Auto lending giant GMAC took steps Wednesday to shore up struggling auto dealers and moved to boost auto sales by reducing financing charges and extending loans to subprime buyers with lower credit scores.
GMAC said it is earmarking $5 billion in the next two months as part of its effort to lure more consumers into the crippled car market. It also will take immediate steps to help auto dealers.
The auto and home mortgage finance company said it will accept auto loan applications for customers with credit bureau scores under 620, which is considered subprime.
Last October, GMAC increased the minimum credit score to 700 — barring 40 percent of GM’s customers from obtaining financing through GMAC. On Dec. 30, GMAC dropped its requirements to 620 — one day after it received a $5 billion cash infusion from the Troubled Asset Relief Program, and the Treasury Department loaned nearly $1 billion to General Motors Corp. to invest in GMAC.
John McEleney, president of the National Automobile Dealers Association, called GMAC’s moves a “very positive step.” He estimated that at least 20 percent of GM customers didn’t have the credit scores to get financing.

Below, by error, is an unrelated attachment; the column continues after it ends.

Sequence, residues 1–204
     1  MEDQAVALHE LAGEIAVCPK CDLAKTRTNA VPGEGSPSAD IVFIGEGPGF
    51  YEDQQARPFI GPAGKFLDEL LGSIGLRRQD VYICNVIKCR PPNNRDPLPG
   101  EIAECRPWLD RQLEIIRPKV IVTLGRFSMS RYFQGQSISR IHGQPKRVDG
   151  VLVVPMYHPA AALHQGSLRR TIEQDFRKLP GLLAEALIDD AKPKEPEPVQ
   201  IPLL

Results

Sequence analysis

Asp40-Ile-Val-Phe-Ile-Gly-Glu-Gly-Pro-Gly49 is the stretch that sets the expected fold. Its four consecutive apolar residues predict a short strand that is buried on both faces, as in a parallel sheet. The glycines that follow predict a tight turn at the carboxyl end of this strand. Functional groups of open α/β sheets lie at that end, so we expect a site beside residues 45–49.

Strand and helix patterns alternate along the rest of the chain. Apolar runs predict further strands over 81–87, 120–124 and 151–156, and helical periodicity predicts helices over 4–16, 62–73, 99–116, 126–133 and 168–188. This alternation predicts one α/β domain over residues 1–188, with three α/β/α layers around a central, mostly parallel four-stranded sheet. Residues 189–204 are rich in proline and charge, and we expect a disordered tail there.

“It’s going to help both dealers and make credit available to a wider range of customers,” he said.
GMAC will cut interest rates on new vehicle financing for well-qualified customers by half a percentage point.
“Customers will still need to qualify, but this will expand the credit available to a broader spectrum of buyers,” GMAC said in announcing the credit changes.
Interest rates on used car loans also will be reduced, the company said.
Wednesday’s announcement came just hours before GM revealed that its sales plunged 45 percent in March. GMAC is a former GM unit, but the Detroit automaker still retains a minority stake. It must reduce its stake to 7.4 percent by late this month, placing the rest in trust.
GMAC, rapped by critics as being too tough on dealers, will waive some dealer payments and help them sell aging inventory.
“Dealers have told us that cash flow is critical right now,” said GMAC President Bill Muir. “We want to do everything possible to help dealers sell their inventory of cars and trucks, while preserving their working capital during the next couple of months.”
GMAC said it will end so-called “curtailment” payments for aging inventory this month. Dealers are required to repay a portion of the wholesale loan after a vehicle has been in a dealer’s inventory for a few months.
In a recent letter to Treasury Secretary Timothy Geithner, 18 members of Congress said GM dealerships in their districts had complained of GMAC’s “harsh, unfair financial demands.”
“We urge you to take measures that will stop GMAC from unreasonably imposing restrictions on access to capital that ultimately drives car dealerships out of business,” said the congressmen, including House Financial Services chairman Barney Frank.
The letter said a small GM dealership with a $1 million inventory — about 40 vehicles — may need to make a $50,000 monthly curtailment payment.
GM is trying to sharply cut its dealer count, by at least 25 percent by 2012 to 4,700. GM had 6,246 dealers at the end of 2008 and that number had fallen to 6,122 by Monday, according to a report GM filed with the Treasury.